Zoe Lister-Jones (director, writer, producer and actress, Band Aid)

Zoe Lister-Jones at the premiere of Band Aid. Photograph by Jemal Countess

Every year at Sundance, there’s a new batch of high-concept indie comedies that all look a little too Sundance-y. Band Aid, about a feuding couple who turn their fights into songs and form an indie rock band, initially seemed a likely culprit. But Zoe Lister-Jones, who wrote, directed, produced and starred in Band Aid, never allows the film to feel contrived. Lister-Jones is a revelation: Her dialogue feels emotionally honest, the songs she wrote (and plays and sings—she does it all!) for the movie are hilarious and infectious, and her acting impressively fills both the comic and dramatic demands of the script with lovely nuance. While not every single element in the film works, the remarkable talents of Lister-Jones are undeniable. – Daniel Joyaux

Danielle Macdonald (actress, Patti Cake$)

Danielle Macdonald in Patti Cake$.

With a few minor roles to her name, Australian charmer Danielle Macdonald arrived in Park City as a virtually unknown actress and left as an instant star, thanks to her fantastic work as the title character in Geremy Jasper’s inventive and endearing first feature, Patti Cake$. Daydreaming of becoming a rapper, Patti is a girl from “Dirty Jersey” whose life is divided between her part-time job as a bartender, caring for her grandmother, and writing songs alongside her best friend Jheri (Siddharth Dhananjay). Financially disadvantaged, and lacking support from her mother, Barb (Bridget Everett), who has her own musical goals, Patti struggles to find confidence. Without missing a beat, Macdonald nails both the rap battles and dramatic sequences with crowd-pleasing ease. Sassy, vulnerable, defiant and lyrically gifted, the young performer showcases her wide range while hilariously winning hearts. – C.A.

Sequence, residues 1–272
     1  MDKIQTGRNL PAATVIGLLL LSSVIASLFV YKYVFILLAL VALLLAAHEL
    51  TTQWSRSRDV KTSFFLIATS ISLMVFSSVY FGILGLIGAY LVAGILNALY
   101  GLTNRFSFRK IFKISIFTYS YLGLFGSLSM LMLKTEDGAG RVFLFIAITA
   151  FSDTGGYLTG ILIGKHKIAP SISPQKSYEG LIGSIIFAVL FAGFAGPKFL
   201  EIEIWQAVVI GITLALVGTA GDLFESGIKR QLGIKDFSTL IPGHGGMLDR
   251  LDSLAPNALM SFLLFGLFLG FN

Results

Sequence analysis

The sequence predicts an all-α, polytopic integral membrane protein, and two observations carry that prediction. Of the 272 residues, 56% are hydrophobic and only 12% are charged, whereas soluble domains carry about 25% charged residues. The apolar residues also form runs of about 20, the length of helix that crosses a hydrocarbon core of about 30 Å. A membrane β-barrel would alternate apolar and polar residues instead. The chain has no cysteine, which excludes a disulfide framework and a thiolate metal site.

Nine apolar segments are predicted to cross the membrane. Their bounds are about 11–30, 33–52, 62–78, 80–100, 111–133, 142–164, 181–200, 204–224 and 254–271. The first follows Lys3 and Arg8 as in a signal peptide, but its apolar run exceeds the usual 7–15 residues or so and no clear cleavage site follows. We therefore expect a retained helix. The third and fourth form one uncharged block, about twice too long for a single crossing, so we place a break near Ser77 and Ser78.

Dave McCary (director, Brigsby Bear)

Dave McCary. Photograph by Nate Slevin

Comedy nerds familiar with McCary’s exceptional work with comedy group Good Neighbor and Saturday Night Live might be expecting a straight-up comedy from Brigsby Bear (especially since The Lonely Island, Phil Lord and Chris Miller are producers). While his feature debut is absolutely hilarious, at its core lies a unique and sincere drama about family, friendship and connection that showcases McCary’s talent for balancing tone and executing a fresh, creative vision. As the film unfolds, Brigsby becomes a love letter to intense fandom and the power of storytelling, one that’ll no doubt inspire passionate young filmmakers to grab their friends and just make movies—much like McCary did. – Andy Young
Todd McMullen (Director of photography, Walking Out)

Walking Out, shot by DP Todd McMullen